Creed III (2023) ☆☆☆(3/4): Back in the ring with his past

“Creed III” is a solid sequel to be admired for several good reasons. While it does not go further than what has been established by not only its two predecessors but also many other boxing drama films including, yes, “Rocky” (1976), the movie is fairly satisfying in terms of story and characters, and it is also firmly held together by the undeniably electrifying presence of the two very talented actors at its center.

After the prologue scene set in LA, 2002, the movie promptly moves onto what will be the last boxing match for the exceptional professional career of Adonis “Donnie” Creed (Michael B. Jordan), which was incidentally started with his little training time with Rocky Balboa in “Creed” (2015). After successfully defending his heavyweight champion title for the last time, Creed comes to retire for spending more time with his wife Bianca (Tessa Thompson) and their dear little daughter, and he also comfortably slips into the role of mentor for those young boxers training in his famous gym.

While going through another usual quiet day of his retirement period, Creed is approached by someone from his old past. That figure in question is Damian “Dame” Johnson (Jonathan Majors), and, as already shown to us during the prologue scene, he and Creed were once quite close to each other before a very unpleasant incident occurred at one night. Because of that incident, Damian became imprisoned for no less than 18 years, and Creed feels guilty about that because he was partially responsible for that incident.

Despite many years of imprisonment, Damian, who was a promising young boxer before he got incarcerated, wants to resume his boxing career. Although Creed is understandably reluctant at first, he has Damian work as the new sparring partner for a young prominent boxer he has mentored for years, and Damian seems to appreciate that, though Creed’s head coach Tony “Little Duke” Evers (Wood Harris) regards Damian with reasonable watchfulness.

Of course, it does not take much time for Damian to show how angry and resentful he has been about what happened between him and Creed at that time. When Creed later lets Damian have his first professional boxing match, Damian surprises everyone as mercilessly punching his supposedly indomitable opponent before getting his big victory, and Creed belatedly comes to realize that Damian did not approach to him just for some help. He is surely determined to settle an old score between them by any means necessary, and, yes, only Creed can stop him right now.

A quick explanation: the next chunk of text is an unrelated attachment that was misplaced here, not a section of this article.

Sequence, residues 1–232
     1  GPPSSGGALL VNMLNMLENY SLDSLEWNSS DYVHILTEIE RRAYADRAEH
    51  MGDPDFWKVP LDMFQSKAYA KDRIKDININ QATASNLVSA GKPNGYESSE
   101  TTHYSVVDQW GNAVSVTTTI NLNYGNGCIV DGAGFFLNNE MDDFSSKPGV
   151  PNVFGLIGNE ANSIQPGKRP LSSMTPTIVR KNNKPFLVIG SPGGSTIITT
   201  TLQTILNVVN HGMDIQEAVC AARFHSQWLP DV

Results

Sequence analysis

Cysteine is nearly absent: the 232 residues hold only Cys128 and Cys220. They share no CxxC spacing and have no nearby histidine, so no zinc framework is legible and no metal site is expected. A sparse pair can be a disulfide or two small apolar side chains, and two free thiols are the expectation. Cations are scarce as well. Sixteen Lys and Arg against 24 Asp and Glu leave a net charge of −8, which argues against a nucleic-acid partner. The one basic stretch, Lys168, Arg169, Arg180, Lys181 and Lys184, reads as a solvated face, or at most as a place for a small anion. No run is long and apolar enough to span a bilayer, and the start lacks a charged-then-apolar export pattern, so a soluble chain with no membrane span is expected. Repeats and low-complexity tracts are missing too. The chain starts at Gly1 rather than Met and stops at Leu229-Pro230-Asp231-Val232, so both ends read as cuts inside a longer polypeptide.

What follows next is your average training montage scene, but this conventional moment is fueled by what is being at stake between Creed and Damian, who is depicted with more nuances and details compared to those cartoonish opponents of Balboa in many of the forgettable sequels following “Rocky”. As preparing himself a lot for the upcoming big match, Creed also struggles a lot with his dark past represented by his spiteful opponent, and that consequently leads to them considerable friction between him and Bianca as well as his foster mother Mary Anne (Phylicia Rashad), who turns out to have something she has hidden from him for years.

In the end, everything culminates to the expected climactic moment between Creed and Damian, and the movie does not disappoint us at all as vividly capturing every punch wielded by them in the ring. At one point, the movie unexpectedly goes for a restrained approach for emphasizing how much both of Creed and Damian are focused on punching each other to the end, and that further boosts the dramatic effects of the finale. Yes, it is predictable to say the least, but it comes with some real poignancy at least.

Michael B. Jordan, who also directed the film in addition to co-producing it, shows admirable commitment as he did in the two previous films, and he also demonstrates enough competence as the director. Besides deftly handling several boxing match scenes in the film, he also pays enough attention to storytelling and characterization, and that allows several main cast members around him to have each own moment to shine. While Tessa Thompson does a lot more than filling her seemingly functional role, Wood Harris and Phylicia Rashad effortlessly embody their respective substantial supporting roles, and young performer Mila Davis-Kent often makes us smile as her character shows some pluck just like when her father was young.

In case of Jonathan Majors, who has steadily impressed me since his memorable supporting turn in “The Last Black Man in San Francisco” (2019), he is inarguably the biggest reason to watch the film besides Jordan’s equally dedicated physical acting. Looking much more intense and committed compared to whatever he did in recent Marvel Cinematic Universe flick “Ant-Man and the Wasp: Quantumania” (2023), Majors ably galvanizes his several key scenes with Jordan in the film, and that makes me have more expectation on his advancing acting career. If his next film of this year, “Magazine Dreams” (2023), is as impressive as I heard from people who saw it at the Sundance Film Festival early in this year, he will probably be mentioned much more around the end of this year.

On the whole, “Creed III” has enough energy and spirit to compensate for its very familiar story formula, and it is surely the nice finishing chapter for what was so powerfully begun from “Creed”. Along with its two predecessors, the movie proudly occupies their own spot besides its senior franchise, and that is certainly an achievement, you know.

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